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The Baloch: A people without a state
"Of particular note is the disappearance of over 168 children and 148 women, according to the non-profit Voice for Baloch Missing Persons (V.B.M.P.),"
WASHINGTON, DC: The Hong Kong-based Asian Legal Resource Center (A.L.R.C.) has called upon Islamabad to invite the Working Group on Enforced or Involuntary Disappearances to conduct a country visit.
In a written submission to the United Nations Human Rights Council ahead of the 15th session in September, the A.L.R.C.said Pakistan is beset by grave and widespread human rights violations by various State-agencies and institutions, notably by the notorious Inter Services Intelligence (ISI) and the military.
"Of particular note is the disappearance of over 168 children and 148 women, according to the non-profit Voice for Baloch Missing Persons (V.B.M.P.)," the A.L.R.C. reported. The A.L.R.C. is a sister organization of the premier Asian Human Rights Commission an independent regional non-governmental organization holding general consultative status with the Economic and Social Council of the United Nations.
The women and children have reportedly been disappeared by the Pakistani intelligence agencies for interrogation over alleged links to Balochi separatists and militant groups. The Provincial Interior Ministry of Balochistan issued a list of 992 missing persons on December 10, 2009, as part of reconciliation efforts by the federal government.
Islamabad is refusing visa to any international team to visit Pakistan to investigate the cases, Mary Aileen D. Bacalso, secretary-general of the Asian Federation Against Involuntary Disappearances told this writer recently in Washington DC
According to the Quetta-based V.B.M.P., which is now affiliated with theI Sweden-based International Voice for Baloch Missing Persons, the highest number of disappearances, 292, were reported in 2006 and in 2008 the civilian government took power by saying "sorry"to Balochistan, but the disappearances still continued in the restive territory which the Baloch call Occupied Balochistan.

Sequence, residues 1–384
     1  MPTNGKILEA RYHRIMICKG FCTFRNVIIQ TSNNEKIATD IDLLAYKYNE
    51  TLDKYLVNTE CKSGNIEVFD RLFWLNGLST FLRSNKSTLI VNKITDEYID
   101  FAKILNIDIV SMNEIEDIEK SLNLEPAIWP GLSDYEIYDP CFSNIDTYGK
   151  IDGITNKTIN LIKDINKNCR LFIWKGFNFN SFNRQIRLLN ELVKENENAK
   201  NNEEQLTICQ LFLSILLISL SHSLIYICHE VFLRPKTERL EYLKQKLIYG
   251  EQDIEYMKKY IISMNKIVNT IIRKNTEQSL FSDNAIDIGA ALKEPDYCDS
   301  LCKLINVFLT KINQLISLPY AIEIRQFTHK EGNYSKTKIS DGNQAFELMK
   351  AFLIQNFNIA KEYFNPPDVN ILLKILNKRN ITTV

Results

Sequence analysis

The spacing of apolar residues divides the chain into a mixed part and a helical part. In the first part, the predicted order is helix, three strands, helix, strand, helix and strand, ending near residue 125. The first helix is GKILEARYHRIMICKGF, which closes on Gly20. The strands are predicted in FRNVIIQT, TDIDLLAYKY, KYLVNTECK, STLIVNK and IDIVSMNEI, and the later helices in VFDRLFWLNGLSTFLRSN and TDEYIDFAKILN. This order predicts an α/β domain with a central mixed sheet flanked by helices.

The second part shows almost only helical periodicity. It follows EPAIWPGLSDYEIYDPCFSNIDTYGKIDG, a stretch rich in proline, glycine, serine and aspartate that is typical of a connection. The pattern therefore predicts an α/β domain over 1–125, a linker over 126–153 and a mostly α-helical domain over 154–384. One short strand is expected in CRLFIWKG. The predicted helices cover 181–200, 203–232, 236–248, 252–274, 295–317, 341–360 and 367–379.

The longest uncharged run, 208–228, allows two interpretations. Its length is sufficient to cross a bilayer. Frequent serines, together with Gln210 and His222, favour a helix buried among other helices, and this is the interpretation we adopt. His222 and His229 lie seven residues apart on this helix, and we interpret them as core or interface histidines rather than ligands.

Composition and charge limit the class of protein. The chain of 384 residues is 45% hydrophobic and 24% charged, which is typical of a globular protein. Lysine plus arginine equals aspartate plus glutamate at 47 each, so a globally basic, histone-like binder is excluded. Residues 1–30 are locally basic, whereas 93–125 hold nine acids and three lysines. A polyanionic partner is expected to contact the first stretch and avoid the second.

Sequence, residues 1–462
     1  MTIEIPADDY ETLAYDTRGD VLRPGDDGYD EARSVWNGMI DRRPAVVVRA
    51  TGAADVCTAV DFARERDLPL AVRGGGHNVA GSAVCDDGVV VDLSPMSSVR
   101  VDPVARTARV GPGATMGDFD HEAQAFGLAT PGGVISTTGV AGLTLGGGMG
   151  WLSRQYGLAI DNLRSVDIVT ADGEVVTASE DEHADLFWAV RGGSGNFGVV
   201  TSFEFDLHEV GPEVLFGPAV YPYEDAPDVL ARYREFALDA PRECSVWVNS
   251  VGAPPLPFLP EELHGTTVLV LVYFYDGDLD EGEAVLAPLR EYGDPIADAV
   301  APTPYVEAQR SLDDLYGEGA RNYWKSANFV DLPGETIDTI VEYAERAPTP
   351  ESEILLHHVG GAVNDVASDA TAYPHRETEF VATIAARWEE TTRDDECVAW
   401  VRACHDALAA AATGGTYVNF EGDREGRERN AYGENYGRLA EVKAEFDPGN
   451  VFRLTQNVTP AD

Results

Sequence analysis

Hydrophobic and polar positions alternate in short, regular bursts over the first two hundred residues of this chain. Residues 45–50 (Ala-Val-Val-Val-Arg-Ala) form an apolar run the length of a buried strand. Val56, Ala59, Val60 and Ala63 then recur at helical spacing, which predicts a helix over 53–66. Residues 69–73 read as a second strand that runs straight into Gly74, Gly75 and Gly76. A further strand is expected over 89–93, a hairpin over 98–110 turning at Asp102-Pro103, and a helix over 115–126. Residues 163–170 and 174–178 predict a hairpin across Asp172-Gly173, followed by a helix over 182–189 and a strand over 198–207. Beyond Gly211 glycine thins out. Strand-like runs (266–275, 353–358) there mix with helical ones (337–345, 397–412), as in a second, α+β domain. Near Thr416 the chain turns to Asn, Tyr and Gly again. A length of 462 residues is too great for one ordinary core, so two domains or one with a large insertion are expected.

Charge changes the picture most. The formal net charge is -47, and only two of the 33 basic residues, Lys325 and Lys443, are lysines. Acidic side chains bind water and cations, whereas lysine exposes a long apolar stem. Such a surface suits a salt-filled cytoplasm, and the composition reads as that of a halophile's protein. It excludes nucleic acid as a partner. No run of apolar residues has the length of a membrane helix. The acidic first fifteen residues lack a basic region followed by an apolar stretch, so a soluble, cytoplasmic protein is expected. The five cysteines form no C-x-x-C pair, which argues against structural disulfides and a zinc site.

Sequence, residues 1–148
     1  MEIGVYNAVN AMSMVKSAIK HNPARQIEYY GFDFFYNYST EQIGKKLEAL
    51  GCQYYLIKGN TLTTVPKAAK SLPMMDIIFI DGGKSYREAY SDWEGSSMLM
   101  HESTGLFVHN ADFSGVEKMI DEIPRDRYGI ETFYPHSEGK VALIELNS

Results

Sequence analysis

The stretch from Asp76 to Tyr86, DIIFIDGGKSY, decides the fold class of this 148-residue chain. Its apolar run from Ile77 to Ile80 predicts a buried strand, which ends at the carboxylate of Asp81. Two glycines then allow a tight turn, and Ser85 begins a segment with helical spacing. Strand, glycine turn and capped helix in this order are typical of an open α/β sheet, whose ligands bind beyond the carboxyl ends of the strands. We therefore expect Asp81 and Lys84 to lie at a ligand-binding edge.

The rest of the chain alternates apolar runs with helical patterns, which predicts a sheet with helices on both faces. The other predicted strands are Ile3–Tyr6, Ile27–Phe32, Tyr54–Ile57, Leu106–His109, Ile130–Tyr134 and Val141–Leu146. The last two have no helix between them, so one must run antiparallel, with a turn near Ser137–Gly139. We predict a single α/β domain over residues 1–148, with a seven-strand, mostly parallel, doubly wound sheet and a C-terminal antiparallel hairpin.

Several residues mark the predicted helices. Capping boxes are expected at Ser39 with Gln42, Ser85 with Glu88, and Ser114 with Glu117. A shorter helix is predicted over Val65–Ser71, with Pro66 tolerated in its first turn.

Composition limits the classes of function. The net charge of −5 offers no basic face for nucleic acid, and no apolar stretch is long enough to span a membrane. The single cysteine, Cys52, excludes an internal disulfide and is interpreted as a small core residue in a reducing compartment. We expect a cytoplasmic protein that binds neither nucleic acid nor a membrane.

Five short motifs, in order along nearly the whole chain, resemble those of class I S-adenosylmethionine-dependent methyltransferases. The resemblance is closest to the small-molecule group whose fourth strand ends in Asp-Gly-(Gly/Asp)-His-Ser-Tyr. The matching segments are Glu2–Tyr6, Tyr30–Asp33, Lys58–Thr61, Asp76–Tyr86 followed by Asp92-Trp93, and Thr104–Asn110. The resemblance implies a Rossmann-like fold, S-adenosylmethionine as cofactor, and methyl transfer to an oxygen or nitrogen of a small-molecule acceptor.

In 2008, the number of disappearances were 97, but the figures spiked to 142 in 2009, according to the V.B.M.P.
Nasrullah Baloch, chairman of the V.B.M.P. said 60 cases of enforced disappearances have been recorded by the V.B.M.P. until the end of August.
"There are quite a few bodies in the Qiuetta mortuary whose identities have not been verified," Nasrullah Baloch said on phone from Quetta. "Many cases are never brought to the notice of the human rights organizations or the media by the victim families as they think this will jeopardize the recovery of their loved ones," he added.
The A.L.R.C. welcomed the recent General Comment on the Right to the Truth in Relation to Enforced Disappearances issued by the United Nations Working Group on Enforced or Involuntary Disappearances (WGEID), Geneva.
"The right to the truth is a key component of all efforts to address human rights violations, and has particular relevance concerning the issues of forced disappearances and missing persons. The scale of the problem of missing persons in Pakistan and the overwhelming lack of information about the fate of these persons, let alone any credible investigations or accountability, means that a key first step that needs to be taken by the Pakistani authorities is to fulfill the right to the truth for missing persons. This comprises the right to know about the progress and results of an investigation, the fate or the whereabouts of the disappeared persons, the circumstances of the disappearances, and the identity of the perpetrator(s).
The WGIED recalled that States have an obligation to investigate cases of enforced disappearance and let any interested person know the concrete steps taken to clarify the fate and whereabouts of the disappeared persons, and has stated that "the right of the relatives to know the truth of the fate and whereabouts of the disappeared persons is an absolute right, not subject to any limitation or derogation..." and that "...No legitimate aim, or exceptional circumstances, may be invoked by the State to restrict this right."
In Pakistan's case, while the country ranks amongst the world's worst perpetrators of forced disappearance as a result of domestic and international conflicts, the government is not taking any credible steps to address any facets of this grave problem, the A.L.R.C. noted.
In Balochistan alone, over 4000 persons are reportedly missing and disappearances continue to be perpetrated, notably by paramilitary forces. In Sindh province, over 100 Sindhi nationalists are thought to have been arrested, and remain disappeared but are believed to be being held in military torture cells.
There are hundreds of complaints concerning missing persons before the higher courts, including the Supreme Court of Pakistan, concerning in particular cases of persons that have allegedly been abducted by state intelligence agencies - notably the ISI and military intelligence agencies - and are thought to be being held in various torture cells for many months, accused of working against Pakistan, with the Indian state intelligence agencies.
Islamabad formed a judicial commission to probe cases of disappearances, which comprises one judge from the Supreme Court as its head and two retired high court judges. It began working in June 2010, with a mandate to operate for three months, but it has only been considering 17 cases of disappearances, despite the large number of cases reported in the country.
Furthermore, the judicial commission has reportedly never requested explanations from the State intelligence agencies concerning allegations of disappearances, and is therefore ineffectual.
The Chief Minister of Balochistan, the pot-smoking Nawab Aslam Raisani, said on January 13, 2010, that there were 999 people officially missing in Balochistan.